Eight years after the Fukushima disaster, it is an appropriate moment to sum up what has changed since these tragic events in the contaminated areas around the damaged Fukushima Daiichi Power Plant. This is best illustrated by the map below.
The efforts of thousands of workers and billions of dollars spent on decontaminating the contaminated areas are beginning to bear fruit. In the cleaned areas — marked on maps in previous years in orange and green — decontamination works have been completed and the evacuation order lifted. As a result, most of the residents of Tomioka and Namie, two of the largest cities around the damaged power plant may return to their homes. Yet intensive cleaning and demolition works are still being carried out. Buildings that were damaged during the earthquake or due to lack of upkeep because the residents had fled from the radiation are still being repaired or torn down. As a result, many homes are unfit for further residence and have to be dismantled and the furnishings, electronics, clothing and food inside disposed of. Public buildings are in a similar state: not only were shops and restaurants destroyed, so too were both of the local hospitals.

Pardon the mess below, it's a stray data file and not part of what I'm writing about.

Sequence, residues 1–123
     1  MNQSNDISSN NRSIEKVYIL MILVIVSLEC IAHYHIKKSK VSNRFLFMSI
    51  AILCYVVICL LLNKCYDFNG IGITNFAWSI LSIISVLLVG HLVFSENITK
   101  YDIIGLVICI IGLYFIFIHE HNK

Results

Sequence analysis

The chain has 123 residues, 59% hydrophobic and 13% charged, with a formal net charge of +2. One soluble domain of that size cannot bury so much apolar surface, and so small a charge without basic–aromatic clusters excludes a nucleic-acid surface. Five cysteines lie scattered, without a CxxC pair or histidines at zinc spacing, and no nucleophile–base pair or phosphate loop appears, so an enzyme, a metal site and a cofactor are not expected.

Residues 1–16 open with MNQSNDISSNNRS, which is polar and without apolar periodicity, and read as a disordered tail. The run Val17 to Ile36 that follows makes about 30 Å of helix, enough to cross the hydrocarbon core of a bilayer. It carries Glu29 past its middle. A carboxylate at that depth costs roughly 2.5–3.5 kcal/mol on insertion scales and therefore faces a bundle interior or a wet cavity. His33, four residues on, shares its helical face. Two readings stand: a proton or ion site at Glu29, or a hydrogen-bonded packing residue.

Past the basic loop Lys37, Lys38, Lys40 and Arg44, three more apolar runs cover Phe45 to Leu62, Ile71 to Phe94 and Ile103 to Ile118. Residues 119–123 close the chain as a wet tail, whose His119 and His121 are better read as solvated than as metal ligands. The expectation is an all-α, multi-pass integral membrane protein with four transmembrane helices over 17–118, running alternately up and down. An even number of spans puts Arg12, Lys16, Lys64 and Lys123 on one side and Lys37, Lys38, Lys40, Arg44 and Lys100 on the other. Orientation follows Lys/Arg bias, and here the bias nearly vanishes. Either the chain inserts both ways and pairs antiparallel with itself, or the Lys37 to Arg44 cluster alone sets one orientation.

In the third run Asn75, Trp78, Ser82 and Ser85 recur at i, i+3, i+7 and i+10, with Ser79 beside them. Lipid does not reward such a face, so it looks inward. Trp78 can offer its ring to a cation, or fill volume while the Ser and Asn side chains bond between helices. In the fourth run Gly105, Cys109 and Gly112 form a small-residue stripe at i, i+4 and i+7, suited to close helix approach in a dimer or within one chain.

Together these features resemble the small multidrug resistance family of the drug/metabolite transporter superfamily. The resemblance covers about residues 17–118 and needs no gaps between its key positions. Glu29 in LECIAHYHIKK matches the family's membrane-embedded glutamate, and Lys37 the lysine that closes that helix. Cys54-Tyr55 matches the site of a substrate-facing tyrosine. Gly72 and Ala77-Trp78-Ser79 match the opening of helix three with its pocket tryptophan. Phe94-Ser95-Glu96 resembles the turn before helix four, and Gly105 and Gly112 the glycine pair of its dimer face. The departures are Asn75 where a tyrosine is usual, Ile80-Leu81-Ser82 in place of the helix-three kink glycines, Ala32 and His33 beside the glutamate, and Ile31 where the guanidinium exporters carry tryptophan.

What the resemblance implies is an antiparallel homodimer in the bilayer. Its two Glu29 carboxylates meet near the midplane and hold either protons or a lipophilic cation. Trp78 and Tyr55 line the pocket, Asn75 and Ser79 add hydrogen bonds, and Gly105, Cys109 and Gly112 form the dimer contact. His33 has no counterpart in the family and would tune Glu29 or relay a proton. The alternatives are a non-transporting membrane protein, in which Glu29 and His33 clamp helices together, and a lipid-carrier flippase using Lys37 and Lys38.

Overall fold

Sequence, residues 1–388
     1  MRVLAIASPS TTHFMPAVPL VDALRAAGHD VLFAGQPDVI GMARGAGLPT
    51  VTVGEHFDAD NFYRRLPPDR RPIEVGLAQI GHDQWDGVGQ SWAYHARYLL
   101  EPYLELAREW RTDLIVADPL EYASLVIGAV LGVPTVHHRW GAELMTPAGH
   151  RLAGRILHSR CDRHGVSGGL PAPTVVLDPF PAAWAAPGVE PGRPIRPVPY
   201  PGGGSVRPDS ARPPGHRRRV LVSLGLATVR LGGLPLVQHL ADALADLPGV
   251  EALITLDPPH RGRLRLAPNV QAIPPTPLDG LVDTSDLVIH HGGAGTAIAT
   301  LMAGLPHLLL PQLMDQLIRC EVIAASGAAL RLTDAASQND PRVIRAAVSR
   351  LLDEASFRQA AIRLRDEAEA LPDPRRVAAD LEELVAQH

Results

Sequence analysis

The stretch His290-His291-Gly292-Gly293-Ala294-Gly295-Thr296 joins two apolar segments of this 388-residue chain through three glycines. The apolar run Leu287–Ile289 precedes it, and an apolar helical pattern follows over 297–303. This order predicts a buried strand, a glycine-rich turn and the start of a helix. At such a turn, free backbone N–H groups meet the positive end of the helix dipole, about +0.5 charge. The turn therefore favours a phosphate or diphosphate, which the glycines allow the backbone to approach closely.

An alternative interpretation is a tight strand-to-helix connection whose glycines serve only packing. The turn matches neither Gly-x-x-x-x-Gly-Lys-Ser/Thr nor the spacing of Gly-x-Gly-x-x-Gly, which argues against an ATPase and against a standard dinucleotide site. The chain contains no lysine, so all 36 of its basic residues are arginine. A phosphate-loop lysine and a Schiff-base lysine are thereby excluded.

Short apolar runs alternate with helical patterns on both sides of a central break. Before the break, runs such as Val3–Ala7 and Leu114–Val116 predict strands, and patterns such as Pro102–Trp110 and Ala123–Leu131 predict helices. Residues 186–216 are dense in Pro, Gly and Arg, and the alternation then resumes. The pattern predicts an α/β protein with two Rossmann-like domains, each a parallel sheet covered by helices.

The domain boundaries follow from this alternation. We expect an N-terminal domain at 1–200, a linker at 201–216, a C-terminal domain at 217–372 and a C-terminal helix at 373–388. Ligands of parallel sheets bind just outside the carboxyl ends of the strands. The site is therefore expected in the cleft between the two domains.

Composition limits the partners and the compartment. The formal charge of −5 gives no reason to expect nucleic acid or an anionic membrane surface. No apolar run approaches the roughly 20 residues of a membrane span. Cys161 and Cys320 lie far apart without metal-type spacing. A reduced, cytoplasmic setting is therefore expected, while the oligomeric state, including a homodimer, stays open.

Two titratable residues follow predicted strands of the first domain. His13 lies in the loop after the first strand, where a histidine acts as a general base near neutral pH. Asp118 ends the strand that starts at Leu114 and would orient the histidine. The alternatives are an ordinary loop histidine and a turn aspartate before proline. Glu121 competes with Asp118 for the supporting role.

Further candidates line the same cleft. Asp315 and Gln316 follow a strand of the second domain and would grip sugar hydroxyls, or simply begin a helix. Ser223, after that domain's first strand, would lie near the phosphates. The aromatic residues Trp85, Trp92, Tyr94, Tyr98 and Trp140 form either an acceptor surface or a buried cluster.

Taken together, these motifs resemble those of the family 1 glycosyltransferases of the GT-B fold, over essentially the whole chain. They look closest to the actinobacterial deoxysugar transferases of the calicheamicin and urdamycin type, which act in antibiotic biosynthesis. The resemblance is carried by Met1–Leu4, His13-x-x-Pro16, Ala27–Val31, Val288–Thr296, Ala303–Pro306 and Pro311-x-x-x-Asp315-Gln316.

The scale of these changes is best seen from the air. In places where buildings once stood, today there are only empty lots covered by a thin layer of orange sand or gray gravel. There are perhaps more of them then there are built-up plots. And the work is not yet finished.
Unfortunately, decontamination and cleaning are not enough to revive the city. Residents are needed, but they do not want to come back. They remain suspicious of the actions of the government, which assures them that radiation levels have fallen to safe levels. They remember how, just a few years ago, this same government unilaterally raised them. Additionally, the newly opened cities still lack infrastructure — shops, hospitals and restaurants. And, chiefly, neighbors. As a result, both cities remain practically empty. Eight years after the disaster and two after their opening, only about 5% of residents have returned. The vehicles and people seen on the streets only create the appearance of an inhabited city. The majority are cars belonging to construction companies and workers here to clean the area and demolish buildings.
That is why it’s important to document the consequences of a nuclear disaster. Many of the devastated, abandoned and contaminated buildings and interiors I have photographed no longer exist. They have been cleaned and restored or demolished. This is obviously right and necessary. My task, however, is different. I want to preserve as many testaments to the nuclear disaster and human tragedy as possible. Despite eight years having passed, there is still a huge number here, particularly in the red zones — the most radioactive ones that are still closed and where residents are not allowed to return. Although I could be wrong, there is no indication they ever will. Let them serve as a warning to future generation so they do not forget what the careless handling of nuclear energy can lead to.